The majority of Israeli Jews, Lyn Julius points out in her book Uprooted, are not new to the Middle East—they were moved from one part of it to another.
A visit with an imam and a rabbi who together are attempting the impossible in Sweden’s most notoriously anti-Semitic city.
There’s an argument for leniency particularly in Israel, where the surrounding society naturally facilitates some form of ritual observance on the part of would-be Jews.
It’s all very well to be excited by the prospect of millions of new Jews. It’s something else to grasp that each already has a life that stands to be changed forever.
The continued cover-up and obstruction of justice make it a potential future horror as well, and Buenos Aires is still at risk.
“This odious bombing was aimed at striking Jews who were going to the synagogue, and it hit innocent French people.”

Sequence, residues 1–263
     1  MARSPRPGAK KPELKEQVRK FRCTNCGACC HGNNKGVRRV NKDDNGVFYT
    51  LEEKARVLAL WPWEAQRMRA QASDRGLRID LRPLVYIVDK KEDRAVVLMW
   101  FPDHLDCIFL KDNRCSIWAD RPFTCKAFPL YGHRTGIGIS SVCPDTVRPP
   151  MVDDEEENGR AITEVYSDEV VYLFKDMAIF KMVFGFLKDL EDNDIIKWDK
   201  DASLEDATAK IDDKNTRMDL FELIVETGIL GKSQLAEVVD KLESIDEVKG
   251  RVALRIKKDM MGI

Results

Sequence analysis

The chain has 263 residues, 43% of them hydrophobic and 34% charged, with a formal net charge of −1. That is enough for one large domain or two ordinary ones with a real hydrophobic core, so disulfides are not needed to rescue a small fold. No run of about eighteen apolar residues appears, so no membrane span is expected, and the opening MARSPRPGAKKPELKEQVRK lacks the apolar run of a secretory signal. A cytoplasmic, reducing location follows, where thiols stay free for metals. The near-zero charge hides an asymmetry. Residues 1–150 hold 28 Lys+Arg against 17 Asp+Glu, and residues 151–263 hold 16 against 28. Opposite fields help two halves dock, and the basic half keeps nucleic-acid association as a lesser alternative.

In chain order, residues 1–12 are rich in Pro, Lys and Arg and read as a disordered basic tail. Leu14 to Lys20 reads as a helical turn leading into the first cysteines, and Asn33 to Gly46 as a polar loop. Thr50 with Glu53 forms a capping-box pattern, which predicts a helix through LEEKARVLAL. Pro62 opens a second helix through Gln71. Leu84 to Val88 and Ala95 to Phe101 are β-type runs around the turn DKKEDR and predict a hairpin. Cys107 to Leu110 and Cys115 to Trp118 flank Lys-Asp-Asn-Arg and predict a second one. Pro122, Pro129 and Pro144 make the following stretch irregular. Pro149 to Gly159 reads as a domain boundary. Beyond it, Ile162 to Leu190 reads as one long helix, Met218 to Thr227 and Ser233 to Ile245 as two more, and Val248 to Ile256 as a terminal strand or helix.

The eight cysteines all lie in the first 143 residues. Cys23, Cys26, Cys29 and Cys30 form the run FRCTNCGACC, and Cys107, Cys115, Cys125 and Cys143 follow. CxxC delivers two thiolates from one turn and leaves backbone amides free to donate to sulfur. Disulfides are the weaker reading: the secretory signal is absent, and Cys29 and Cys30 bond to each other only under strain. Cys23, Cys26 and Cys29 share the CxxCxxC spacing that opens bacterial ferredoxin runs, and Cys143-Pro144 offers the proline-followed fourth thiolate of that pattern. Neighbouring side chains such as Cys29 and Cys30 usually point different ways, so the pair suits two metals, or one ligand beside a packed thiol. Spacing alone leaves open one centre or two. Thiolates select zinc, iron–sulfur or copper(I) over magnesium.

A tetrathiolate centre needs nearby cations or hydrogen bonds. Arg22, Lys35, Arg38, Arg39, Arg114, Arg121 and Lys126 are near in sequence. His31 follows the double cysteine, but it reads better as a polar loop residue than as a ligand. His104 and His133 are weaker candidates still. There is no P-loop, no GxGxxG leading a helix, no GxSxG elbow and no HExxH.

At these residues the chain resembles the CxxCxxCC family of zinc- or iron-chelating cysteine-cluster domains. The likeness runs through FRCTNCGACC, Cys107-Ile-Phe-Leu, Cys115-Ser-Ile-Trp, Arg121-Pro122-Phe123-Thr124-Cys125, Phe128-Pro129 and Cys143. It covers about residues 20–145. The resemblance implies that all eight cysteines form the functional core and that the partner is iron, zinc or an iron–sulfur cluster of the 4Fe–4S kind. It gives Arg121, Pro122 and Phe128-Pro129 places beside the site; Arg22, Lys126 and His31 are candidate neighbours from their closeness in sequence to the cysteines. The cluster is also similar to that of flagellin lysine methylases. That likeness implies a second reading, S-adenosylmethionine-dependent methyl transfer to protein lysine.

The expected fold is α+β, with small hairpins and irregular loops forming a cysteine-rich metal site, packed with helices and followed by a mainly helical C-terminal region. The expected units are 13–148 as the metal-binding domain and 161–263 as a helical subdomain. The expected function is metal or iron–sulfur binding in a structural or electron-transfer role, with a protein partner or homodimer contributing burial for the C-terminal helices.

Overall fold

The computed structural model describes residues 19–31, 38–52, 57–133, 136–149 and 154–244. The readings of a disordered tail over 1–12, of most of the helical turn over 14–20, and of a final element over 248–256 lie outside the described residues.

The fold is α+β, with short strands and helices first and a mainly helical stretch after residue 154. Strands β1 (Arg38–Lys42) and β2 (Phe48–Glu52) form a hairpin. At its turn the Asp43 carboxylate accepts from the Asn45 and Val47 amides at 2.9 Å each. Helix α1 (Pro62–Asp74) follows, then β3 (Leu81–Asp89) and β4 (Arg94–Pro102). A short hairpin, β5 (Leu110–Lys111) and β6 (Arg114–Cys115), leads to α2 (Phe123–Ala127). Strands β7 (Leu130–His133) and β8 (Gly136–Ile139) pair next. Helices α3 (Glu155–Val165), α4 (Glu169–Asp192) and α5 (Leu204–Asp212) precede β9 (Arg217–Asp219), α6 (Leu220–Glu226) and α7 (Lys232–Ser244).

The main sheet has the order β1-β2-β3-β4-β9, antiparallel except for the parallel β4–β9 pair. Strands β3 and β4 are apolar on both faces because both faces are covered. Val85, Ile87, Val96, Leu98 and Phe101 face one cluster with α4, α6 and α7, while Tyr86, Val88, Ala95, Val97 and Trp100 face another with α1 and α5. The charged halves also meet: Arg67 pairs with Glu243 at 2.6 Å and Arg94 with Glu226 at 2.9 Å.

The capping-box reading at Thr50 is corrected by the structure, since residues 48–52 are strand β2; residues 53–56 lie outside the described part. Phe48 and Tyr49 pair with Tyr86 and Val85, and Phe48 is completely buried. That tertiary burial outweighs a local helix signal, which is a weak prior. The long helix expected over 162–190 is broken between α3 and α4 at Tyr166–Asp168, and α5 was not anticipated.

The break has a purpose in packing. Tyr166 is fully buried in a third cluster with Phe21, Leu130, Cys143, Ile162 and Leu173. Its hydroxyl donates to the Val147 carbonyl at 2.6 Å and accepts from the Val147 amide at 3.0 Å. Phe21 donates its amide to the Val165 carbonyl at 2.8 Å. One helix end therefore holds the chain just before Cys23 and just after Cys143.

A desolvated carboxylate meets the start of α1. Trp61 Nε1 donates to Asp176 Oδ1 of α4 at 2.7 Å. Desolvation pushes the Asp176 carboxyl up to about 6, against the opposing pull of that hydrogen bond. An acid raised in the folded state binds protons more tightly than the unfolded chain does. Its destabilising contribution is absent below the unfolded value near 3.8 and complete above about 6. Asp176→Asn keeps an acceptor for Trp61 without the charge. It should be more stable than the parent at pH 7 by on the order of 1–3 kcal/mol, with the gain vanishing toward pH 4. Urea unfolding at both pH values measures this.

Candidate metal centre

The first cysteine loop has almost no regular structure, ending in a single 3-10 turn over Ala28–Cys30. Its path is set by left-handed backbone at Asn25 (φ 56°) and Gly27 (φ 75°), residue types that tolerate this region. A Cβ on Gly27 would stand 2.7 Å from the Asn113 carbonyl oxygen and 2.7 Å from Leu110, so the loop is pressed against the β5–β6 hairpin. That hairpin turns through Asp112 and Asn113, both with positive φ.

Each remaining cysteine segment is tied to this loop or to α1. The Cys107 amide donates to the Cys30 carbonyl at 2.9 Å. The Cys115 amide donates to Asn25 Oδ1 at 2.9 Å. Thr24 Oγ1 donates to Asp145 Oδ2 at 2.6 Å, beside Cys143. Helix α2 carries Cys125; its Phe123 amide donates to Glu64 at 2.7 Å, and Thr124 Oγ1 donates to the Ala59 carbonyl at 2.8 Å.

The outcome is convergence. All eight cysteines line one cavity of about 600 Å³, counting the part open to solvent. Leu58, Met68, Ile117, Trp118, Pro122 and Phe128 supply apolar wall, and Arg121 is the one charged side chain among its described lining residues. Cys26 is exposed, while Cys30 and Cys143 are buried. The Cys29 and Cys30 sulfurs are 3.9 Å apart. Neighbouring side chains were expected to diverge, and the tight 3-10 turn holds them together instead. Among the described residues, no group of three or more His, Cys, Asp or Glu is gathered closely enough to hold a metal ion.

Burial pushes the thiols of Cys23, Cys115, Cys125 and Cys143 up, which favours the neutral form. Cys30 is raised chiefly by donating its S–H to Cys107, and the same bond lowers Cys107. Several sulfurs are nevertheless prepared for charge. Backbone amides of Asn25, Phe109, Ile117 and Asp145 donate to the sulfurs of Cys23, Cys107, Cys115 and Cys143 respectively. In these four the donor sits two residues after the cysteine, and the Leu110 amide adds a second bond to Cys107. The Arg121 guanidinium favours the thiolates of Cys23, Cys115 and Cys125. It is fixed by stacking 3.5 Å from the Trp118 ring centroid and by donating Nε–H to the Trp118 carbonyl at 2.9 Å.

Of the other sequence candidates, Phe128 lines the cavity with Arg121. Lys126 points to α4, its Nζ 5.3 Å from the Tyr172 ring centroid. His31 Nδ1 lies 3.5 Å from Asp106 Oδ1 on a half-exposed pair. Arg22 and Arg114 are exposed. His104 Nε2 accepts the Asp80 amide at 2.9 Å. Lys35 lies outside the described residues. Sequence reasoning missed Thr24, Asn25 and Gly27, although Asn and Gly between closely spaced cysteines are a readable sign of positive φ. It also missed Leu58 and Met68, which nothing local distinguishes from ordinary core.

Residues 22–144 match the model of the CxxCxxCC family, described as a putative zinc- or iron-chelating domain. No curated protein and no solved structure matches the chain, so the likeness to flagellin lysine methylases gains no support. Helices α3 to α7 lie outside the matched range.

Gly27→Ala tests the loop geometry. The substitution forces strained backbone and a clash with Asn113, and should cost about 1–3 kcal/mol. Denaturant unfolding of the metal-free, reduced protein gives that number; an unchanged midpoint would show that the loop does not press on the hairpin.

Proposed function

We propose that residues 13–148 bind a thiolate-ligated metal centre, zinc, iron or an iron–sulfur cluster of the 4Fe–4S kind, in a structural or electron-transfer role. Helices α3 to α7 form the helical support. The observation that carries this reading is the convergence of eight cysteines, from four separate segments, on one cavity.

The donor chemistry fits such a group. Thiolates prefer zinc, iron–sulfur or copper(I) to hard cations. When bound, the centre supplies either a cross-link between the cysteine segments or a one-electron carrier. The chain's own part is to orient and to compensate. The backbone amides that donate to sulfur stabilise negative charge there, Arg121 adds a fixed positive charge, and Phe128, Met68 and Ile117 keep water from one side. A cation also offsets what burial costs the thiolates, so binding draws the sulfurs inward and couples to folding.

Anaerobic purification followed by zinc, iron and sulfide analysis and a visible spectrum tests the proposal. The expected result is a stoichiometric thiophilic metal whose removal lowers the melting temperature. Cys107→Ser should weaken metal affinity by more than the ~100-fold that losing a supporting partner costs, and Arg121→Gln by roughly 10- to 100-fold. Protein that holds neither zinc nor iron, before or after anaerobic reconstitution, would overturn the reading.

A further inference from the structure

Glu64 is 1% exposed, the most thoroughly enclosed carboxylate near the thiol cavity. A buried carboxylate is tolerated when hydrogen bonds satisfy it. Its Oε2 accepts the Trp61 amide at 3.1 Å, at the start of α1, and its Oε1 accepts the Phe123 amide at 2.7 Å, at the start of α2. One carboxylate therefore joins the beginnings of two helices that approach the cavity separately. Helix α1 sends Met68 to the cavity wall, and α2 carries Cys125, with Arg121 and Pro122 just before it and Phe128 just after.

Nigerian authorities are starting to target the country’s Jews.
A personal look at the 25 years that have passed since the bombing of an Argentine Jewish center that killed 85 people, with no progress toward justice.
A new book forthrightly stares the various brands of French anti-Semitism in the face. Whether the author succeeds in placing them in their proper context is another question.
What this intrepid journalist learned from the pious Jews of Djerba, what it’s like to pray in a synagogue with Tehran’s remaining Jewish community, and more.
How a young man from a village in northeast India, convinced of his hidden Jewish roots, moved his family to Israel, became an Orthodox rabbi, and turned into a national hero.